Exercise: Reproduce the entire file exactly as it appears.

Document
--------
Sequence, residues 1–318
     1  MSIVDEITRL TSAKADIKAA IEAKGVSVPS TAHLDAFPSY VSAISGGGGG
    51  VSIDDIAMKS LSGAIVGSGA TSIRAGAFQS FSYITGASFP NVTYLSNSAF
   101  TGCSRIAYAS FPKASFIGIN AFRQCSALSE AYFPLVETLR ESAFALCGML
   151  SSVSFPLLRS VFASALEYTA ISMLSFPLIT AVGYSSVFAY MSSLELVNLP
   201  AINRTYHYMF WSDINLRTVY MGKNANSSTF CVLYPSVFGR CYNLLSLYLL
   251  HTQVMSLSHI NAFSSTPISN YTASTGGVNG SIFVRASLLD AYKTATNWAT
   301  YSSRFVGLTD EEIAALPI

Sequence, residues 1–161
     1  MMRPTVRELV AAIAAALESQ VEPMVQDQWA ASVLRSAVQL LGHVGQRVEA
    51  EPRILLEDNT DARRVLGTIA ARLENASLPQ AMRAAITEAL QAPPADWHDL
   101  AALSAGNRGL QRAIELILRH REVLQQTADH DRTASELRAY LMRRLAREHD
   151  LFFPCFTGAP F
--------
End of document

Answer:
Sequence, residues 1–318
     1  MSIVDEITRL TSAKADIKAA IEAKGVSVPS TAHLDAFPSY VSAISGGGGG
    51  VSIDDIAMKS LSGAIVGSGA TSIRAGAFQS FSYITGASFP NVTYLSNSAF
   101  TGCSRIAYAS FPKASFIGIN AFRQCSALSE AYFPLVETLR ESAFALCGML
   151  SSVSFPLLRS VFASALEYTA ISMLSFPLIT AVGYSSVFAY MSSLELVNLP
   201  AINRTYHYMF WSDINLRTVY MGKNANSSTF CVLYPSVFGR CYNLLSLYLL
   251  HTQVMSLSHI NAFSSTPISN YTASTGGVNG SIFVRASLLD AYKTATNWAT
   301  YSSRFVGLTD EEIAALPI

Sequence, residues 1–161
     1  MMRPTVRELV AAIAAALESQ VEPMVQDQWA ASVLRSAVQL LGHVGQRVEA
    51  EPRILLEDNT DARRVLGTIA ARLENASLPQ AMRAAITEAL QAPPADWHDL
   101  AALSAGNRGL QRAIELILRH REVLQQTADH DRTASELRAY LMRRLAREHD
   151  LFFPCFTGAP F